Europhiles wor­ried by Fil­lon’s lead over Juppe

Financial Mirror (Cyprus) - - FRONT PAGE -

Af­ter metic­u­lously avoid­ing the sub­ject of Europe in the first round of the pres­i­den­tial pri­mary, the French Repub­li­can Party’s re­main­ing can­di­dates will have no choice but to tackle the di­vi­sive is­sue head on in the sec­ond round. EurAc­tiv France re­ports.

While un­der­stated, Alain Juppe’s cam­paign has been firmly pro-Euro­pean. He ap­pears to be the first choice for French vot­ers liv­ing abroad, par­tic­u­larly in the Benelux coun­tries, where he took 48% of the vote in the first round of the pri­mary. Fran­cois Fil­lon and Ni­co­las Sarkozy took 35% and 7%, re­spec­tively.

The veteran politi­cian, who served as prime min­is­ter un­der Jac­ques Chirac and for­eign min­is­ter un­der Sarkozy, has filled his cam­paign team with spe­cial­ists on Euro­pean af­fairs, in­clud­ing MEP Alain La­mas­soure and Se­na­tor Fa­bi­enne Keller. He also met with Ger­man Chan­cel­lor An­gela Merkel in June. Ac­cord­ing to our sources, they dis­cussed a plan to breathe life back into the Euro­pean project and re­an­i­mate its ail­ing com­mu­nal spirit… as­sum­ing they are both elected next year.

“The main role of a pres­i­dent is in­ter­na­tional: he rep­re­sents France at the Euro­pean level, and his first vis­its should be to Ber­lin and Brus­sels, not Li­mo­ges,” one of the can­di­date’s aides said.

For Juppe, restor­ing France’s cred­i­bil­ity in Ber­lin means restor­ing fi­nan­cial sta­bil­ity at home. With this in mind, his team has drawn up a fi­nance bill de­signed to re­as­sure France’s Euro­pean part­ners with medium-term cuts to public spend­ing.

His vi­sion for Europe is a tighter, more in­te­grated Union, fo­cussed on a smaller num­ber of core coun­tries. In this re­gard, Juppe’s sees al­most eye-to-eye with Fran­cois Hol­lande and Em­manuel Macron.

Fran­cois Fil­lon’s ap­proach is rad­i­cally dif­fer­ent. As he in­di­cated in a speech to the French par­lia­ment the day af­ter Brexit, the Parisian MP wants to re­duce the power of the Euro­pean Com­mis­sion, giv­ing more con­trol to the Coun­cil of the EU.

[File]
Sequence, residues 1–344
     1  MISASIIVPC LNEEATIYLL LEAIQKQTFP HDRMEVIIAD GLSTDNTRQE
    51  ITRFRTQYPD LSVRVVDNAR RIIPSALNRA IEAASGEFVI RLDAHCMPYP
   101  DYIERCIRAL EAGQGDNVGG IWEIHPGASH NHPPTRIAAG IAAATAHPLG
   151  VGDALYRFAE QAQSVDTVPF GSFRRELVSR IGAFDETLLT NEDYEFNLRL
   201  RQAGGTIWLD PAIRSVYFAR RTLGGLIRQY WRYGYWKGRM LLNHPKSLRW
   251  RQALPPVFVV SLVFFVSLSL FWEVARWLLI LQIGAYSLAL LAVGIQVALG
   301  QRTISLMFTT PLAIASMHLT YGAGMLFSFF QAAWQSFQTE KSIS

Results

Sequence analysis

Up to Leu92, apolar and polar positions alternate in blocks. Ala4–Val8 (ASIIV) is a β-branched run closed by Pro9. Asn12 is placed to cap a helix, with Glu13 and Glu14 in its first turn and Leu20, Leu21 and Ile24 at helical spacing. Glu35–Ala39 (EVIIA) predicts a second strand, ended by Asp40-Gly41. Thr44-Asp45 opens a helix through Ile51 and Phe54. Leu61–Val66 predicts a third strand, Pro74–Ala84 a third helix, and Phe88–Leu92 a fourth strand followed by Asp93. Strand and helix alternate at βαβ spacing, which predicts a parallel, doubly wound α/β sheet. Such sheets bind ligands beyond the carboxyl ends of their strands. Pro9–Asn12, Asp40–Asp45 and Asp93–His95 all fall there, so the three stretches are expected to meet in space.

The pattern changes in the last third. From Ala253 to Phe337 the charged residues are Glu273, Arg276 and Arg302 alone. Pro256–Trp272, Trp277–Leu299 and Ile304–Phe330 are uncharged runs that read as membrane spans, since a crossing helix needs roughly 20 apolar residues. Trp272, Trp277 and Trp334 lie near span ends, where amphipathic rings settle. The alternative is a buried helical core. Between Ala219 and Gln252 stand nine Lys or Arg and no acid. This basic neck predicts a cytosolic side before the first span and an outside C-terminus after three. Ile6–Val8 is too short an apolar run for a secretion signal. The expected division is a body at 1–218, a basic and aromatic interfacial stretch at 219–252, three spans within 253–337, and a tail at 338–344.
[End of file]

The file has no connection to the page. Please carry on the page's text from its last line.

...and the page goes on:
“We will never be one fed­eral state. We are just too dif­fer­ent. And, in­ci­den­tally, it would be a his­toric mis­take, be­cause closer ties be­tween states breed more ag­gres­sive na­tion­al­ism,” Fil­lon said.

He also evoked the




eu­ro­zone govern­ment, formed not of a spe­cially-elected eu­ro­zone par­lia­ment, but of rep­re­sen­ta­tives from na­tional par­lia­ments and gov­ern­ments.

Na­tional Front MEP Flo­rian Philip­pot at­tacked the Repub­li­can fron­trun­ner on Sun­day evening, say­ing his plans would hand more power over to Brus­sels. Fil­lon’s spokesman Jerome Chartier im­me­di­ately coun­tered the claim, say­ing that, on the con­trary, the can­di­date in­tended to claw pow­ers back from Europe. In short, Fil­lon’s calls to de­fend French sovereignty in re­sponse to ap­peals for more Europe are de­signed to win over po­ten­tial Na­tional Front vot­ers.

Sarkozy’s de­ci­sion to sup­port Fil­lon for the Repub­li­can can­di­dacy af­ter his own elim­i­na­tion in the first round of the pri­mary has broad­ened his for­mer prime min­is­ter’s sup­port base. It has also placed him firmly on Sarkozy’s Eu­roskep­tic plat­form.

Hol­lande’s pre­de­ces­sor made a very bad im­pres­sion at the Euro­pean Peo­ple’s Party (EPP) sum­mit in the South of France in June. Be­fore a room full of con­vinced Europhiles, the leader of the Repub­li­can Party held forth about the rights and wrongs of Europe dic­tat­ing the straight­ness of cu­cum­bers and the size of steplad­ders; well-worn pop­ulist ter­rain. He went on to say that in his view, a coun­try was first and fore­most a bor­der. This was a great dis­ap­point­ment to the other EPP dig­ni­taries, who had rather fonder mem­o­ries of Sarkozy, from the pro-Europe speeches he de­liv­ered in the Euro­pean Par­lia­ment.

This sur­pris­ing cam­paign came to an abrupt end on Sun­day night, caus­ing Sarkozy to with­draw from po­lit­i­cal life for the sec­ond time. But ac­cord­ing to Swiss news­pa­per Le Temps, a come­back at Euro­pean level can­not be ruled out: Don­ald Tusk will va­cate his po­si­tion at the head of the Coun­cil early next year, and some ob­servers be­lieve the Repub­li­can leader could be lin­ing up to re­place him.

The greatest con­cern for France’s Euro­pean part­ners is the next pres­i­dent’s for­eign pol­icy pri­or­i­ties. Fas­ci­nated by Vladimir Putin, Fil­lon has in the past shown a com­pla­cent at­ti­tude to­wards Rus­sia, par­tic­u­larly on the Ukrainian con­flict. He be­came fa­mil­iar with the Rus­sian leader while serv­ing as prime min­is­ter. And has main­tained con­tact since leav­ing of­fice, vis­it­ing Putin’s per­sonal datcha and at­tend­ing the Win­ter Olympics in Sochi.

It is hard to im­age Fil­lon push­ing Europe to strengthen its sanc­tions on Rus­sia, if he be­comes pres­i­dent.

And Rus­sia’s pro­pa­ganda ma­chine could hardly be clearer: the MP is a reg­u­lar reader of Sput­nik, the Krem­lin-fi­nanced mul­ti­lin­gual news ser­vice, and the site has ded­i­cated sev­eral ar­ti­cles to Fil­lon’s praise for Putin’s ac­tions in Syria.

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